Memory No. 2: Nobuaki was a friend of mine.

Dear Nobuaki,

I haven’t seen you since fifth grade. Or was it fourth grade? Wait, maybe it was third grade. Recently I had the pleasure of chatting with you online, and sometimes I wonder what happened to you in the past several years. Because life has gone by, and I’ve changed. But I still have the image of a nine-year-old Nobuaki in my mind.

Firstly, you asked me about the SAT. The SAT is one of the stupidest tests you will take in your life. It’s also one of the most important ones you will take in your high school career, if you intend to study in the US. It has a writing, reading, and math section. In my own opinion, the reading is the easiest, the writing the second easiest, and the math the hardest. However, because you are getting a famed Japanese education, you may very well disagree. Either way, it is an astoundingly easy test for which the best way to prepare right now is to read everything you can and pay attention in math class. In eleventh grade you might want to look through the official SAT test book, and if you can you should take the PSAT in eleventh grade (do they offer it in Japan?). But otherwise, don’t fret. It’s only one of many things you need to do well on to get into college.

And that’s where grades come in. You realize this, and I realize this, and grades are important. I honestly don’t think you should worry too much about the precise numbers you need to get into Yale, which is one awesome school (my dad got his PhD there). But at the same time, you need good grades. They don’t need to be stellar now; you have three more years to show what you can do as a student, and junior year is what matters most. And also, because you spent a lot of time abroad, it’s understandable that you wouldn’t have an A+ in Japanese. Play your strengths to your advantage, and you’ll be fine.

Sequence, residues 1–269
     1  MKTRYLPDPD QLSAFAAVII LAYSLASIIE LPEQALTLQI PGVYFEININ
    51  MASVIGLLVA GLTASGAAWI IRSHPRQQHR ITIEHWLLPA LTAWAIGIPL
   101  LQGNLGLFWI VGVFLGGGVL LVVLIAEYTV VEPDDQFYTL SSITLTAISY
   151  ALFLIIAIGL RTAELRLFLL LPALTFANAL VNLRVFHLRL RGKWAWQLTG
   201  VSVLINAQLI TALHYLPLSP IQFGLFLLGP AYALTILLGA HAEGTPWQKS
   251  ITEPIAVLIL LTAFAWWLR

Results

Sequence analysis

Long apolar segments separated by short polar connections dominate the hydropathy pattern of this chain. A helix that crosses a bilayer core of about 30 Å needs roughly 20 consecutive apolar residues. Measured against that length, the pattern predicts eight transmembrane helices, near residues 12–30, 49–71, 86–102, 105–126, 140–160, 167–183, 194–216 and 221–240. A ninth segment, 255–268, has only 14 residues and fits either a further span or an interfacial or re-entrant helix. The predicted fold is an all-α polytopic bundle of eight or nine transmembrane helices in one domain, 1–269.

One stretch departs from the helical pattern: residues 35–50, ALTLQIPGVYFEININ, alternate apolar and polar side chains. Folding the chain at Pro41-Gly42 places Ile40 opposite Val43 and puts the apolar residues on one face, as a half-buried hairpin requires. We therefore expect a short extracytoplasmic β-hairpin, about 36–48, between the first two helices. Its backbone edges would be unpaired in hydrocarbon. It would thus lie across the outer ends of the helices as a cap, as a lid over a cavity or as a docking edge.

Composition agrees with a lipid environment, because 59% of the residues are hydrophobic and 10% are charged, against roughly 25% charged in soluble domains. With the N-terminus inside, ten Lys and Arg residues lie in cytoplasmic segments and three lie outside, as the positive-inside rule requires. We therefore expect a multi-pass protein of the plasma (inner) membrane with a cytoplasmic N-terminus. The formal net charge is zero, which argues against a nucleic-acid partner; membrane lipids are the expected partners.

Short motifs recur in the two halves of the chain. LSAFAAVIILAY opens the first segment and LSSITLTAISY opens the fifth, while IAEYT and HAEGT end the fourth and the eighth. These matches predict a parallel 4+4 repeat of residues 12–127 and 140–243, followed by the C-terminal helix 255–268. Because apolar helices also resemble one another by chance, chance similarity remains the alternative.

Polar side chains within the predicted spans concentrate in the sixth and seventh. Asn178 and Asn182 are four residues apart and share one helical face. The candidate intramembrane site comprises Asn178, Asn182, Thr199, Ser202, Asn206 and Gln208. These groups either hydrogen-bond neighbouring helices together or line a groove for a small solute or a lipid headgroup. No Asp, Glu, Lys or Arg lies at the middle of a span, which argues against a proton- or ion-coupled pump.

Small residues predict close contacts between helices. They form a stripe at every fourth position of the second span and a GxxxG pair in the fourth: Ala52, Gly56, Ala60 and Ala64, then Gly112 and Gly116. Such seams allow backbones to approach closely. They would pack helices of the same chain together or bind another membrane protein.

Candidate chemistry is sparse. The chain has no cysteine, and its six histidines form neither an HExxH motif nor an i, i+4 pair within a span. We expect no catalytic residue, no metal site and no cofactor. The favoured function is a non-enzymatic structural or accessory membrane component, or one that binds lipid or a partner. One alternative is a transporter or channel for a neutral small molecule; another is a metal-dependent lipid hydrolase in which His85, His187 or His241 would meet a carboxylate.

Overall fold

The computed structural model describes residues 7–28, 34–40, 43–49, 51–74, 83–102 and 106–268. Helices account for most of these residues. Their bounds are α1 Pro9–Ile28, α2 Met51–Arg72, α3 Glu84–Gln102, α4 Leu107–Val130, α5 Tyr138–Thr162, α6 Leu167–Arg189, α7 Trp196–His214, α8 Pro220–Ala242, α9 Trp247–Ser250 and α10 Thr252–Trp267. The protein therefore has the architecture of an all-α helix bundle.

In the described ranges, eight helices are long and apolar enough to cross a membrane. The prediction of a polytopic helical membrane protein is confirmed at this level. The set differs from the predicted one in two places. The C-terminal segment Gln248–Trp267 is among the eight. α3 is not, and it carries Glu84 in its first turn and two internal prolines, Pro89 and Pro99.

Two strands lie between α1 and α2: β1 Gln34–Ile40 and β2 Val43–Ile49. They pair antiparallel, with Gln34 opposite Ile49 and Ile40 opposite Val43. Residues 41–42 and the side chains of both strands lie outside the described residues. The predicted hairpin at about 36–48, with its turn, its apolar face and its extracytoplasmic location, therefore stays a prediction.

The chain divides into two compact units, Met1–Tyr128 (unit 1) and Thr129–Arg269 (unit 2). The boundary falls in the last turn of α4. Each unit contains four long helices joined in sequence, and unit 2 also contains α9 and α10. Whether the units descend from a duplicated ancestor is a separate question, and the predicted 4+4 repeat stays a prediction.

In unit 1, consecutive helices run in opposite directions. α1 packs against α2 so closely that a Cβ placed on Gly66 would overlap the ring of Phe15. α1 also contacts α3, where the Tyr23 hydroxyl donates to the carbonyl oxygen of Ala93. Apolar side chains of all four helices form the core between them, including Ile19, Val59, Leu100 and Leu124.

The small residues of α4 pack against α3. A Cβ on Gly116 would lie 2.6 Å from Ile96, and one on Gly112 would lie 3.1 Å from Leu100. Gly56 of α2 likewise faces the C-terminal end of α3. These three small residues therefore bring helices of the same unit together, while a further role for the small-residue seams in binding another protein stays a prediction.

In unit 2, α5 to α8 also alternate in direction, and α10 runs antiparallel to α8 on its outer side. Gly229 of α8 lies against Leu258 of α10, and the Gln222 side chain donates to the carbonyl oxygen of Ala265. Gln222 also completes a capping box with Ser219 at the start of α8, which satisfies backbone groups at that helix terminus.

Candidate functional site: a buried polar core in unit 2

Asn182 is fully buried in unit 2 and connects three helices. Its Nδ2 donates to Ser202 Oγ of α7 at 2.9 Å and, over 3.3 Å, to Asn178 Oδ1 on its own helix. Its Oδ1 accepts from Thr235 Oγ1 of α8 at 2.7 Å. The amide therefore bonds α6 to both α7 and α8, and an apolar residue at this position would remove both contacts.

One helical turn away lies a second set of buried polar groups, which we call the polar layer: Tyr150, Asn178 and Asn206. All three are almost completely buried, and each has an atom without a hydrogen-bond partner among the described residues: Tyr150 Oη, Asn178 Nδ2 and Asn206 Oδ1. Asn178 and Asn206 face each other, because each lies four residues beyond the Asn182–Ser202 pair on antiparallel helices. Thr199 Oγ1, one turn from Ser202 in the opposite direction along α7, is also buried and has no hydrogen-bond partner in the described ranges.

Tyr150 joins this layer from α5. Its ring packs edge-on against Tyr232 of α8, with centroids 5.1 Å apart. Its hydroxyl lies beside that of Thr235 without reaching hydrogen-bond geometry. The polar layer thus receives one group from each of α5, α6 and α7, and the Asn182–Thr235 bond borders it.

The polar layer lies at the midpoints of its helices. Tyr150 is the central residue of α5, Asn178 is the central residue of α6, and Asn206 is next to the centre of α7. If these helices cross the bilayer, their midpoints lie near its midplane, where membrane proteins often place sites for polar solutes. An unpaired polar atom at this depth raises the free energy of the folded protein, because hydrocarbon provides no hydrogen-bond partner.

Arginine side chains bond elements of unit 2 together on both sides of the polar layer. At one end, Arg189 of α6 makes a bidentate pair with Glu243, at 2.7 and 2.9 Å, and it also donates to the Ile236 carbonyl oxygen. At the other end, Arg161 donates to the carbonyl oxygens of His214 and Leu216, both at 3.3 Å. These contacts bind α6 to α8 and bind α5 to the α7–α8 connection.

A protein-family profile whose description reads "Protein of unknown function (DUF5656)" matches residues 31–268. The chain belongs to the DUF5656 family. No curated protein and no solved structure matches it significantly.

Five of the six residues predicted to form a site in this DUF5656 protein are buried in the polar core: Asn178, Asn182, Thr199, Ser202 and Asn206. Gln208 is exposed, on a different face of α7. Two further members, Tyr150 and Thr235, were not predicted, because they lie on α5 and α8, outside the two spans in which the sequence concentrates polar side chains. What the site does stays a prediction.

Secondly, you introduced me to the awesomeness that is Piers Morgan. Thank you.

Thirdly, you mentioned that you lived in Scotland for awhile, and that Scots call erasers “rubbers.” I want to live in Scotland; it sounds like so much fun! And so does table tennis–I think you’re the only person I know who plays it.

Fourthly, you asked me about good books to read. As I said, you should read Ender’s Game. I first read it when I was nine, and since then I have reread it each year. Maybe, since you think Aristotle is so cool (he is, I agree), you could read Nicomachean Ethics? Or maybe you should read his Metaphysics. An ethics professor recommended it to me a few years ago. He was teaching a class over the summer, right before he went to teach a course in Dublin, and he recommended a lot of interesting books to me. Crime and Punishment was absolutely amazing. Dostoyevsky always seems to get overshadowed by Tolstoy, but really, Dostoyevsky is brilliant.

Lastly, on the evolution of mathematics and how it was revolutionized by the Cartesian plane: I will speak about it in another post later this week, if only because I think it’s a wonderful topic that requires its own response.

Hoping all is well,

Alouette

P.S. You choosing Bill Gates over the Bible because Bill Gates is more accepting of laziness made me laugh.

“How long will you lie there, O sluggard? When will you arise from your sleep? A little sleep, a little slumber, a little folding of the hands to rest, and poverty will come upon you like a robber, and want like an armed man.” -Proverbs 6:9–11

vs.

“I choose a lazy person to do a hard job. Because a lazy person will find an easy way to do it.” -Bill Gates

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